In a quest to be a more intentional, prepared homemaker, here are 25 car essentials I’m stocking in our minivan! You never know when these car must-haves will come in handy, but when you need them, you’ll be grateful you planned ahead!
One of the best tricks a homemaker can have up her sleeve is to be prepared for whatever day-to-day life might throw her way.
This means having a “next step” for minor emergencies. Power goes out? Fetch the battery-operated lights. Child falls in muddy ditch at the park? Whip out that extra change of clothes!
This also means being ready for the good surprises. Let’s say you want to go for an impromptu walk during an errand run. Your family can handle the longer excursion because you’ve got water and snacks in the car!
My mom and grandmothers were masters of this Mary Poppins, whip-it-out-of-your-bag magic, so I’m taking my cues from them. They had those snacks and band-aids and “why don’t we…?”s ready to hand. From a child’s point of view, the result of this is a comfortable confidence in the adult; you begin to take their genie-like ability for granted.
Taken for granted then, yes, but never now. Now I’ve been a homemaker for ten years–with kids for six of those–and I think it’s going to take me at least another ten to master all the virtues and skills my role models displayed. Thankfully, I believe that the art of being prepared is a skill you can learn. And just as with many areas of homemaking, you can learn it faster if you’re intentional about it.
So, this year one of my goals is to be more prepared as a means of caring for my family and the people who come into our sphere.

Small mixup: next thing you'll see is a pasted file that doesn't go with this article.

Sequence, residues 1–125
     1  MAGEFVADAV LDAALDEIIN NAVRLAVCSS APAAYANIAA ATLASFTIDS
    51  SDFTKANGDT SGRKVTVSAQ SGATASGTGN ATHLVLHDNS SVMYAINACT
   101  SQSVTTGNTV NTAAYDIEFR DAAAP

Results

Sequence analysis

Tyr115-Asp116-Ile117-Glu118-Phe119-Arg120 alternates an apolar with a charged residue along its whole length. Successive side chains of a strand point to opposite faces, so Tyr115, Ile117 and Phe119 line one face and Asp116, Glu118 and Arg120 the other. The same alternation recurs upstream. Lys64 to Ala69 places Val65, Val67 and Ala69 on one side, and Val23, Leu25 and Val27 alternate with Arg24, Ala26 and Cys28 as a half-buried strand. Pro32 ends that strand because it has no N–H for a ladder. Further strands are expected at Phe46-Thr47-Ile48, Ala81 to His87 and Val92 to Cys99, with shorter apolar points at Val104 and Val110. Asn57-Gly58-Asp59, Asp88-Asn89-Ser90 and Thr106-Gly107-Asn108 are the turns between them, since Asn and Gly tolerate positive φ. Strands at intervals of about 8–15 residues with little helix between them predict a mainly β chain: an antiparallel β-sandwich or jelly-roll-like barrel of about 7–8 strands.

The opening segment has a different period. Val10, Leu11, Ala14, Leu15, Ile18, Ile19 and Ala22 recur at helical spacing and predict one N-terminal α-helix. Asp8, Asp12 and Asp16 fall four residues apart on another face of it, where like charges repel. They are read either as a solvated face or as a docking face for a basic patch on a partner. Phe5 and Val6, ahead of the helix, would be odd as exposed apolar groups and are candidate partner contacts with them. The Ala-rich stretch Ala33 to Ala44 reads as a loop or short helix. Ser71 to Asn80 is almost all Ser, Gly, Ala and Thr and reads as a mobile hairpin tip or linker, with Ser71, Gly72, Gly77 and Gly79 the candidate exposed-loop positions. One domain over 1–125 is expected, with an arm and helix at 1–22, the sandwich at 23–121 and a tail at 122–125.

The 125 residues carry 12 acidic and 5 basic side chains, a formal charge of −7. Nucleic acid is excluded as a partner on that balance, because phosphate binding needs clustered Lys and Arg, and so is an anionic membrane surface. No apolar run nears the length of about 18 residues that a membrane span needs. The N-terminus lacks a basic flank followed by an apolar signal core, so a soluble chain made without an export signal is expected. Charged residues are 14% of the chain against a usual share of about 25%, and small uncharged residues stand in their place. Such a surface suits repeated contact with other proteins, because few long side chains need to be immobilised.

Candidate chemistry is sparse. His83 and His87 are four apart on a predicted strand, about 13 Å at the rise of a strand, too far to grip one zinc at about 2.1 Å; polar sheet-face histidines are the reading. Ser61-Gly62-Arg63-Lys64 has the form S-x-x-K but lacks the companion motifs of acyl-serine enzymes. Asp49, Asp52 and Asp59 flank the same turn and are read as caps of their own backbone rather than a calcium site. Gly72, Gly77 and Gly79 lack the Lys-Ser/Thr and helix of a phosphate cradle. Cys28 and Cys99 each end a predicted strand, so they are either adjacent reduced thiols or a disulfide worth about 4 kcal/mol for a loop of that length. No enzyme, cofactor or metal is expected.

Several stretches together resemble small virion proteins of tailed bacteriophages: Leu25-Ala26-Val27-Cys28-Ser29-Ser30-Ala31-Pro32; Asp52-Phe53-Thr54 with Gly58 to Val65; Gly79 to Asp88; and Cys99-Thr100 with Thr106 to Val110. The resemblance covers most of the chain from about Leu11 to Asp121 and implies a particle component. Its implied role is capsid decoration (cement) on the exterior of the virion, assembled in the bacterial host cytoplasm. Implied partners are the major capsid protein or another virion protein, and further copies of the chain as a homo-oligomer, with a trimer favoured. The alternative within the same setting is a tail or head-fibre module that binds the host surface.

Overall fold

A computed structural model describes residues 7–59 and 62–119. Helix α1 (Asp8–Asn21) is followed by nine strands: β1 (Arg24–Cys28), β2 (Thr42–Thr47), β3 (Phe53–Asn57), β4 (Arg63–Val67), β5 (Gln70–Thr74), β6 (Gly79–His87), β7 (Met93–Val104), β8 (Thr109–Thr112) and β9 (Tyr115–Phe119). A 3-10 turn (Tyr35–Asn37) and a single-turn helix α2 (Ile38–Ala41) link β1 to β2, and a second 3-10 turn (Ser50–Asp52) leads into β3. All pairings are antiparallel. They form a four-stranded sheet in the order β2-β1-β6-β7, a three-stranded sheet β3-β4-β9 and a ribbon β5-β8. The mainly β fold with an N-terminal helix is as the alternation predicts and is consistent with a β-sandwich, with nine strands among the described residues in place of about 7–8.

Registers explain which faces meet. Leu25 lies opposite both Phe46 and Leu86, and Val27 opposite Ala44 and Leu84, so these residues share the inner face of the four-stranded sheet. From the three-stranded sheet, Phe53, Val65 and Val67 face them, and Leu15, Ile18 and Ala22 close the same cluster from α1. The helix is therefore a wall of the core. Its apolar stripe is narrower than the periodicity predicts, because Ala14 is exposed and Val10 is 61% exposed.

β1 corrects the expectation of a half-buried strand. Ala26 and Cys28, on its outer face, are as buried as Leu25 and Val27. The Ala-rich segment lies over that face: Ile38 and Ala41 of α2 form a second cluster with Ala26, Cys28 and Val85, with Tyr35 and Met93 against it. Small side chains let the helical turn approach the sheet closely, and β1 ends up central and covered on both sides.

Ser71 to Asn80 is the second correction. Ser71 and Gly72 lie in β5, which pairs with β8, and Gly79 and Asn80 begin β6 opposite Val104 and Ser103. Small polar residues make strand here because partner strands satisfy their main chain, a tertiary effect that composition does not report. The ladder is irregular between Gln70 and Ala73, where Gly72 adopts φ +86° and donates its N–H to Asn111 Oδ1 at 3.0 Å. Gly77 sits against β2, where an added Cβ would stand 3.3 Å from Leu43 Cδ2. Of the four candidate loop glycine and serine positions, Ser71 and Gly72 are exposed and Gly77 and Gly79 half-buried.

As our family has grown (three kids under our roof now!) I’ve noticed the way we have to take home with us in our increasing comings and goings. We became a minivan family last year, so one of the first ways I’m going to be a prepared homemaker is to stock our van with necessities and nice-to-haves.
What follows is my car essentials checklist, which I hope you will supply more ideas for in the comments section!
Useful things to keep in your car
Items 1 through 17 should be kept in the main part of the car for easy access. The other items will likely be fine in the trunk.
Get lightweight blankets or throws that you can roll up tightly and stash under a seat, and make sure you have one per family member. Essential for temperature control, getting kids to fall asleep in the car, or if there’s a dearth of blankets at your destination. Also useful as a makeshift curtain to partition off a dressing room in your van. (Been there, done that on family road trips!) This is our #1 most-used car item!
Because sometimes technology fails you (what a shocker)!
Being pregnant or nursing more often than not these past several years, I’ve often found myself in dire need of sustenance at the most inopportune of times. And imagine if you were caught in stop-and-go traffic during a mealtime! Dried fruit or substantial granola or protein bars go a long way towards keeping the hangryness in check–for you or the kids. Just avoid melty chocolate.
4. Quarters and cash
Plastic doesn’t get you into everything!
Keep books for your kids, such as activity books or read-alouds, to pass the time in the car, or to fill wait times at your destination. Keep a book of short stories or essays in the car for your own benefit.
6. Hand sanitizer
Experts say it’s a good idea.
7. Roll of toilet paper
For wiping either end.
8. Paper towels
Use as napkins, to clean up spills, or for checking the oil.
9. First aid kid